An angularly offset cup has been shown solely to illushate the principles of the invention, since it is apparent that a non offset cup, or one at a different angle can, I
also employ the present invention.
Two opposite sides of the cup 11 are parallel and the' other two opposite sides are inclined toward one another so as to have a trapezoidal shape. A cap plate 19 of similarly trapezoidal shape rests on the surface 13 and is held in position by a pair of ears 21 and 23 and by a. metal screw 25 which is threaded through the registering holes in the cap'plate and the cup bottom, as in Fig. 2.
As shown in Fig. 3, the ears 21 and 23 are lanced or punched from the bottom of cup 11 at a position adjacent its sides so that the ears remain attached to the cup immediately at its sides and then are bent over in an L shape in spaced relationship to the. bottom of the cup, thereby forming slots or'grooves into which the cap plate 19 may slide. Due to the inclination of the coinciding parts, insertion and removal of the cap plate may be effected easily and quickly to a position such that the sides of the cap plate and the ears are in close contact.
Maintenance of the connection rigidly is assured by the detent screw 25.
Cap plate 19 is welded to the top of a hollow tapered metal table leg 29 and projects beyond the boundaries. of the leg on all sides to assure rigidity and to provide room for the bolt hole 31. i
A longitudinal side seam 33 extends the full length of the leg 2?,but is relatively invisible because'the edges of the leg are secured together insideI The leg is formed by bending it to shape from "a single piece of sheet metal of the desired thickness so as to have the desired taper, and the desired cross sectional shape such as triangular (shown), square, or polygonal.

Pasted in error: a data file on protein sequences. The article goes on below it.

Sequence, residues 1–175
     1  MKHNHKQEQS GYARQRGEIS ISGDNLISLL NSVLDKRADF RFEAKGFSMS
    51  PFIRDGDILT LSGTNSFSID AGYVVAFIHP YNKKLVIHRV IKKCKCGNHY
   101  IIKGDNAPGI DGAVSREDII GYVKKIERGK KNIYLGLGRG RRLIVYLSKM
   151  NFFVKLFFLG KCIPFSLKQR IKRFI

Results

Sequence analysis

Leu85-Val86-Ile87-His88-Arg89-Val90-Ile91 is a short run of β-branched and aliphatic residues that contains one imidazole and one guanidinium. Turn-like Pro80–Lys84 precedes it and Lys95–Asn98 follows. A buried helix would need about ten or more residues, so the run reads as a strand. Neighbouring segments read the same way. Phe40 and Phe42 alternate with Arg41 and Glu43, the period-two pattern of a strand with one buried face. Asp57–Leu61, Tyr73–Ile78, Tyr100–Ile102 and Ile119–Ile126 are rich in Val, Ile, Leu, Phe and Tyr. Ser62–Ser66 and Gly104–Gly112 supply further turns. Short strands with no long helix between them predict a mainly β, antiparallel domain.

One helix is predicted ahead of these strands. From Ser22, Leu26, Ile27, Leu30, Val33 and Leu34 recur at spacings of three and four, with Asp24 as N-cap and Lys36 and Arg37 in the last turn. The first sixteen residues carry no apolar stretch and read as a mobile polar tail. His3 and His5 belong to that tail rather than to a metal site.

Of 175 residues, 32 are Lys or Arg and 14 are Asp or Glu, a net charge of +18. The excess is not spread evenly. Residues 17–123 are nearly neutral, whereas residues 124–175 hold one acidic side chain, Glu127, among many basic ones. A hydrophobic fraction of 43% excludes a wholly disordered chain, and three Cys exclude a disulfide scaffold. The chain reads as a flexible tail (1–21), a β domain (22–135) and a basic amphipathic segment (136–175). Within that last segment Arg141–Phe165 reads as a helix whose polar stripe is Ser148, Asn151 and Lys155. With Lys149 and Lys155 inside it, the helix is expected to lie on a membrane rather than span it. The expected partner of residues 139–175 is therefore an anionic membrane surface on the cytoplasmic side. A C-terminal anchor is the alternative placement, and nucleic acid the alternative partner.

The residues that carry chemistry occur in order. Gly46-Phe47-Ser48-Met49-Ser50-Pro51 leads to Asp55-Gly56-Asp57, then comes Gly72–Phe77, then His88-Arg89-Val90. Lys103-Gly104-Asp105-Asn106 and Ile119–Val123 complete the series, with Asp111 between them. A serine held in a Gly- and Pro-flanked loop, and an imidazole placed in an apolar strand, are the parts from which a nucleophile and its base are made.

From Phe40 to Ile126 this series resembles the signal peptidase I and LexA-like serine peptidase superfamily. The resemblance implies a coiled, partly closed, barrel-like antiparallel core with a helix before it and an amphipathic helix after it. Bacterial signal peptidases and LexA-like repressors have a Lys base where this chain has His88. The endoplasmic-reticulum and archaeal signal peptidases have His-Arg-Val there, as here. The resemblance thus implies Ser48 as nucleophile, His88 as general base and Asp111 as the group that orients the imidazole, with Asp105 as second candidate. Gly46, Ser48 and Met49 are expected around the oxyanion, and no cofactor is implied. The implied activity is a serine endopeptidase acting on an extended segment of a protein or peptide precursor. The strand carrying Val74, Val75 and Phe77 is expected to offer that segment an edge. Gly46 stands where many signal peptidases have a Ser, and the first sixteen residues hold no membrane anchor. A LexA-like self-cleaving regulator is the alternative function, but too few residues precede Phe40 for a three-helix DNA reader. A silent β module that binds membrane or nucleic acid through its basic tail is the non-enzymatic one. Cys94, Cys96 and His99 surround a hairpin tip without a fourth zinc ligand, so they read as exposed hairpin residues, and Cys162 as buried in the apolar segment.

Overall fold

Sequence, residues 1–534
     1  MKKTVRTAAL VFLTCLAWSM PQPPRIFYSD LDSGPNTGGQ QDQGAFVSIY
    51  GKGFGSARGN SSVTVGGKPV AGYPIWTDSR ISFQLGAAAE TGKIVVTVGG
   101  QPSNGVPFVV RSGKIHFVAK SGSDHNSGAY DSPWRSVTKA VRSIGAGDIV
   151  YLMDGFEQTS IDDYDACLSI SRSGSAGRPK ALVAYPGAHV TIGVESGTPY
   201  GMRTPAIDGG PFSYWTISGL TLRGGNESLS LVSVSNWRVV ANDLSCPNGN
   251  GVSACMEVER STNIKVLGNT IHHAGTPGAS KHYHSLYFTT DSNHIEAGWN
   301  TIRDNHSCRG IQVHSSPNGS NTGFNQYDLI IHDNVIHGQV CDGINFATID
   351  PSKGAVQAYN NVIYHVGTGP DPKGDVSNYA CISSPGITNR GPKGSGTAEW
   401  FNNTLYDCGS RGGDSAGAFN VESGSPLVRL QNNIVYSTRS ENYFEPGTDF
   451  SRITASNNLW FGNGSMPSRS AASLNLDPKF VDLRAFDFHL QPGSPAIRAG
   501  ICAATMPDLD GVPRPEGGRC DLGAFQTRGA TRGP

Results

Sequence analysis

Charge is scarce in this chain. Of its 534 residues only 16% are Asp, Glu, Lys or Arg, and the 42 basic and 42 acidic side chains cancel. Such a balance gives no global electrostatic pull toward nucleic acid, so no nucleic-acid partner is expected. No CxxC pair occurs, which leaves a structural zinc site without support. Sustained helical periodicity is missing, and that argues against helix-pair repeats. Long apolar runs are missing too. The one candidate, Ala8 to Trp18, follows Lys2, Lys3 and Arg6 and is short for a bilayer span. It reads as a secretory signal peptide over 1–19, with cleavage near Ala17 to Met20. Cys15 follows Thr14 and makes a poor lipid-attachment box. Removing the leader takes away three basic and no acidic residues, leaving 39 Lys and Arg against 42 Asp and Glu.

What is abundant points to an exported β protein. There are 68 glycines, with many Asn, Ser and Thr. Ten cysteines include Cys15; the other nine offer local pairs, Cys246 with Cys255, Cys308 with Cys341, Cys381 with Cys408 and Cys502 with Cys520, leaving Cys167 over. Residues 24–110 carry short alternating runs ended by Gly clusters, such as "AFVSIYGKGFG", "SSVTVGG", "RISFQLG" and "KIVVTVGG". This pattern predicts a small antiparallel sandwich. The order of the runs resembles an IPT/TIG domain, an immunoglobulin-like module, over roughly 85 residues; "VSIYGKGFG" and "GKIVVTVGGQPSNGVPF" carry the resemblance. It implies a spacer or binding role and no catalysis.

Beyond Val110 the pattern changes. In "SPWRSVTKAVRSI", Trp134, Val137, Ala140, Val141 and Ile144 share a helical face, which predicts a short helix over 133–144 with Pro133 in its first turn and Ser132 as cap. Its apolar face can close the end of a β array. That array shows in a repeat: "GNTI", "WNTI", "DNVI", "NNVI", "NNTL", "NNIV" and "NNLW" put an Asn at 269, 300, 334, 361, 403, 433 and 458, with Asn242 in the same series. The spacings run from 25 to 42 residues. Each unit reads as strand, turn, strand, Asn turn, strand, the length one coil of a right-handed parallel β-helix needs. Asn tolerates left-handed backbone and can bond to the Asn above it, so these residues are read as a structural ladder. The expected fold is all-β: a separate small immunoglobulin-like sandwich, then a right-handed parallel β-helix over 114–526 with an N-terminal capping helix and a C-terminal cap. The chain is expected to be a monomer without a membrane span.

Referring to Fig. 5, the edges of the formed leg are bent back upon themselves on the inside of the leg to form oppositely extending flanges 35 and 37 spaced from the inside leg surface and lying in a common plane. The flanges 35 and 37 are held together by a long metal strip 39 extending the full length of the leg and having oppo site side edges each bent back upon itself and forming a second pair of flanges 41 and 42 which face toward one another in a common plane and are spaced from the main body 43 of the connecting strip a distance about equal to the thickness of the metal in leg 29. When it is desired to finish the leg, the seam is formed by abutting the side edges together and the strip 39 is then slid over the flanges 35 and 37 from either the bottom or the top (before the cap plate 19 is welded on) so that the flanges 41 and 42 embrace the fianges 35 and 37 and fit within the spaces between the latter and the inner surface of the leg.
From the foregoing detailed description it is evident that my invention is a novel construction for making a sturdy demountable tableleg at low cost which is rapidly and easily assembled and applied to a table top.
It is apparent that changes in the construction and relative arrangement of parts may be made by persons skilled in the art without departing from the principles of the invention and its scope as defined in the claims appended hereto.